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TOKYO

‘The Deep’ to feature ocean’s oddities

by Magdalena Osumi

Staff Writer

While some companies have started to offer trips to the Moon, there is still more to be discovered hidden on our own planet.

The depths of the ocean still hold a trove of mysteries. At a distance between 200 meters and 10,000 meters from the surface, some of these places literally haven’t seen the light of day, a vast final frontier that Earth has yet to reveal.

One treasure in this world of unknown species and creatures will soon be within the reach of people in Tokyo.

The National Museum of Nature and Science is holding an exhibition titled “Shinkai (The Deep),” which begins this weekend. It is set to feature wonders discovered during recent research expeditions in waters near Japan, including areas of the Pacific and Indian oceans.

One of the main attractions of the exhibition is a giant squid, which was filmed for the first time in its natural habitat near the Ogasawara Islands in 2012.

The organizers will show the footage, captured during last year’s expedition by Japanese broadcaster NHK and the National Museum of Nature and Science. It was part of a highly acclaimed documentary titled “Shinkai no Cho Kyodai Ika” (“Deep Ocean Giant Squid”) — a project 10 years in the making. NHK and the U.S.-based Discovery Channel aired the footage to much fanfare in January.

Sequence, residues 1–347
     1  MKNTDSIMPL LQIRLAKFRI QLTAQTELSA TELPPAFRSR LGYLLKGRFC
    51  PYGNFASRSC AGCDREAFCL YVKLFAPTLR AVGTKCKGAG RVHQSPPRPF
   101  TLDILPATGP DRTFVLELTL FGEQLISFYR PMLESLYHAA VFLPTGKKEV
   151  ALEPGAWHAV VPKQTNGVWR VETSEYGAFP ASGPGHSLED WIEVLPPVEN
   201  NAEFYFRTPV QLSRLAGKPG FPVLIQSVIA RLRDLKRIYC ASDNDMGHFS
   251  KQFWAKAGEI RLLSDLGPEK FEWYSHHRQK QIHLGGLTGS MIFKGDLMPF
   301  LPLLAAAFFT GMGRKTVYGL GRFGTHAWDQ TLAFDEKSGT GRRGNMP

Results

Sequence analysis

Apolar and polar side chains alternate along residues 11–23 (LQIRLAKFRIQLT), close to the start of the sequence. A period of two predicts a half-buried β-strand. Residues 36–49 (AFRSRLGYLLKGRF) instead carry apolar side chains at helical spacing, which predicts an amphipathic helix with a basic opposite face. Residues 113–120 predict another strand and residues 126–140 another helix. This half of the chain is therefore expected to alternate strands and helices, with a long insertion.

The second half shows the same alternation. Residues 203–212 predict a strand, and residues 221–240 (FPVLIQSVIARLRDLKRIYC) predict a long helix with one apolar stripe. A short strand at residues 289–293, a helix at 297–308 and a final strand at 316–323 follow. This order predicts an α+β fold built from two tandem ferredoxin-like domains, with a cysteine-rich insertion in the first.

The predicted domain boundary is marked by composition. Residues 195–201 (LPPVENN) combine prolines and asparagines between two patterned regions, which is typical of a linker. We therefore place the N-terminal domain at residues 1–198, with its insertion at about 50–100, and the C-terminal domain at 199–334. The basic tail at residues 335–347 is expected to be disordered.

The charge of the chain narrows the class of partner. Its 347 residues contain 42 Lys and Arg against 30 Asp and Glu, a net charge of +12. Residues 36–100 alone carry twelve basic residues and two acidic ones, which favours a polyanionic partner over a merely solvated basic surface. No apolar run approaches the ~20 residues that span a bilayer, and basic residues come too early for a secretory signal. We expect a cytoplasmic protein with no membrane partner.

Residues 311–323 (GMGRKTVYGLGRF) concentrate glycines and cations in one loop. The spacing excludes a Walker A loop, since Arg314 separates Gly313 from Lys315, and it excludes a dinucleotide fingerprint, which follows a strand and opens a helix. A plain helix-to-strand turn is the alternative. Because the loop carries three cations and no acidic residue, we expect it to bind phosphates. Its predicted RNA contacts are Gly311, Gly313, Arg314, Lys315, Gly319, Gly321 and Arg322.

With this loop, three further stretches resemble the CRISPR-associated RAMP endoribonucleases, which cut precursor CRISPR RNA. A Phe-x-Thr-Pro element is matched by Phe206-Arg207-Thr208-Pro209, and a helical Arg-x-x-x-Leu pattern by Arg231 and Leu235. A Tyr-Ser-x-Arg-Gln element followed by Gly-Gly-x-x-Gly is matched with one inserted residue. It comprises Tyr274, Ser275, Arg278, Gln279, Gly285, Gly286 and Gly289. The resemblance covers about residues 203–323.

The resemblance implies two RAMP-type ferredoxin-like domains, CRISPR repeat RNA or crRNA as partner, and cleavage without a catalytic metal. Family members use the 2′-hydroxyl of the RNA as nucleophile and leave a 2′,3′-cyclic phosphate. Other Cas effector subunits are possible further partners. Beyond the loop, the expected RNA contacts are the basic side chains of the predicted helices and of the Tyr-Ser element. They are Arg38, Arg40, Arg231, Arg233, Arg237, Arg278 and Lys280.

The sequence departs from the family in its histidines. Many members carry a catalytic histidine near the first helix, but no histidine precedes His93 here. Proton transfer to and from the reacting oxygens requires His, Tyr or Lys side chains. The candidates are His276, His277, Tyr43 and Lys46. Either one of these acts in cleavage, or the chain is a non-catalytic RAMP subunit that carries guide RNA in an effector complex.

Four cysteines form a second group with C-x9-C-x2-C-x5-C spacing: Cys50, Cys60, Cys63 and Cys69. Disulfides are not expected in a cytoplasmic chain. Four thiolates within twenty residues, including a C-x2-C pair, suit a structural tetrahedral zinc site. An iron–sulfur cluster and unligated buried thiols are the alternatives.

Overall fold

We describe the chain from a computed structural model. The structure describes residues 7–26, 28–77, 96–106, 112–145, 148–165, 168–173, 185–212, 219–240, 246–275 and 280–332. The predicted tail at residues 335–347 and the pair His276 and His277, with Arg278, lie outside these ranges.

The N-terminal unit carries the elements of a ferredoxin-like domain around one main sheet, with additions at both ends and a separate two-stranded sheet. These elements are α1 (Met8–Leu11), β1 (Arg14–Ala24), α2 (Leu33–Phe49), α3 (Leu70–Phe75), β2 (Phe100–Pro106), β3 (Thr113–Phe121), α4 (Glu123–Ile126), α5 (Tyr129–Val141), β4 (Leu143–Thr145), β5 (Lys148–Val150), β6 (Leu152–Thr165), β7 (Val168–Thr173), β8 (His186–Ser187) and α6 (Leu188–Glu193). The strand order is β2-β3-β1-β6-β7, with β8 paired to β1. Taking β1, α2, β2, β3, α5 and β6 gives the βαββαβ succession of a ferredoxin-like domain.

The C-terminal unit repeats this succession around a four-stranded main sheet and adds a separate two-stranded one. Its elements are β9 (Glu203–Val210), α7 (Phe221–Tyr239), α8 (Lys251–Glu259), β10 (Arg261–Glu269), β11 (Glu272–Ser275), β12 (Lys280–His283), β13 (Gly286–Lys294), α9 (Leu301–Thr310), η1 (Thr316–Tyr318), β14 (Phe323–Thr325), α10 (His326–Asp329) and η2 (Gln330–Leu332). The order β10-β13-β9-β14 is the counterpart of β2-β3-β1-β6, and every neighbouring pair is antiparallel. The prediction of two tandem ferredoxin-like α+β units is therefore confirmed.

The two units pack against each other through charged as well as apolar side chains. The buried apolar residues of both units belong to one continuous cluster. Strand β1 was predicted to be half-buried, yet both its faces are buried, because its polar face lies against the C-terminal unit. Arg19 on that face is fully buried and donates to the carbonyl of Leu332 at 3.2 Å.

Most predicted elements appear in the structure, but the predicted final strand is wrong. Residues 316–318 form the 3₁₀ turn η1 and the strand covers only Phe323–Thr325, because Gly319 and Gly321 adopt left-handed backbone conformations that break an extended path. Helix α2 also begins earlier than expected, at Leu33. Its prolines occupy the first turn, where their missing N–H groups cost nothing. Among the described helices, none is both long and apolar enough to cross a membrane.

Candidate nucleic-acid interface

In relation to the exhibition, NHK will broadcast “Series: Shinkai no Kyodai Seibutsu” (“Deep Ocean Creatures”) on July 27 and 28.

A model of the whole body of the squid, which measures 18 meters when fully extended, will also be on display.

The exhibition will also feature a full-size model of Japan’s manned submersible survey vehicle, the Shinkai 6500, and more than 380 samples of other deep sea creatures.

One of these creatures might look familiar to those who prefer to spend their time relaxing at an izakaya (Japanese pub). However on closer look, even someone who has had a few too many will realize that it’s not a red paper lantern hanging there, but the red lantern jellyfish.

The exhibition features activities for children to take part in, too.

“The Deep” runs from July 6 until Oct. 6 at The National Museum of Nature and Science in Taito-ku, Tokyo. The museum is open from 9 a.m. until 5 p.m. (until 8 p.m on Fridays). The museum is usually closed Mondays, but if Monday is a national holiday the museum will close Tuesday instead. The museum will be open on Mondays during August, and some days will see later closing times (6 p.m.). Tickets cost ¥1,300 for adults, ¥500 for children in advance. For more information, call 030-5777-8600 or visit deep-sea.jp (in Japanese) or www.kahaku.go.jp.